Monday, November 18, 2013
Don't Think - Feel
“The scandal of the evangelical mind is that there is not much of an evangelical mind.”So, I agree with Noll entirely, but why does that Blamires quote follow? Are secular drift/weakness and intellectual sloth related? I have no doubt there is a relationship, but I am not sure it is either direct or proportional. Another quote or two:
“. . . the Christian Mind has succumbed to the secular drift with a degree of weakness unmatched in Christian History.” —Harry Blamires
“. . . Americans are the best entertained and quite likely the least well-informed people in the Western world.”Agree with the sentiment, not sure it is limited to America.
“At root, evangelical anti-intellectualism is both a scandal and a sin. It is a scandal in the sense of being an offense and a stumbling block that needlessly hinders serious people from considering the Christian faith and coming to Christ. It is a sin because it is a refusal, contrary to Jesus’ two great commandments, to love the Lord our God with our minds. Anti-intellectualism is quite simply a sin. Evangelicals must address it as such, beyond all excuses, evasions, or rationalizations of false piety.”I guess if you define "anti-intellectualism" as the rise of feeling being more important than thought, then Guinness has a point. But if you are talking about scholarship then I must disagree. Not everyone is an egghead, nor should they be.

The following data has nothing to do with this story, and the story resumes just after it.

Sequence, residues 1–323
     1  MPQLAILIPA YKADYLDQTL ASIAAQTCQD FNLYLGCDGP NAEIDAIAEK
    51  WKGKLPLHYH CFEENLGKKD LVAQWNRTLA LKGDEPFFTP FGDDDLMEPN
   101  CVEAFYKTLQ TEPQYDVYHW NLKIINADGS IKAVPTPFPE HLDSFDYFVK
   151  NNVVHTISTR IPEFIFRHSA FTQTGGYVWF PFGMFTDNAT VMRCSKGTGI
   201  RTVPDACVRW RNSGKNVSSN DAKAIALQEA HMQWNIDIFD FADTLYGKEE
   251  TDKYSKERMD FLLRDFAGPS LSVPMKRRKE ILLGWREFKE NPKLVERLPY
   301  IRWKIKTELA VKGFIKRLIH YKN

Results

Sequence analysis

While it is apparent there is an intellectual crisis in Evangelicalism, I think it a failure of leadership as much as the intellect. If people are not interested in the things of the mind, then perhaps it is because we are not making the things of the mind that interesting. If you are a person of intellect - if that is your gift, it comes with a burden. And that is to learn how to communicate what you know and how to build a passion in people for that knowledge.
You must remember that what comes easily for you may be difficult for others and they will not simply pick it up because it is there.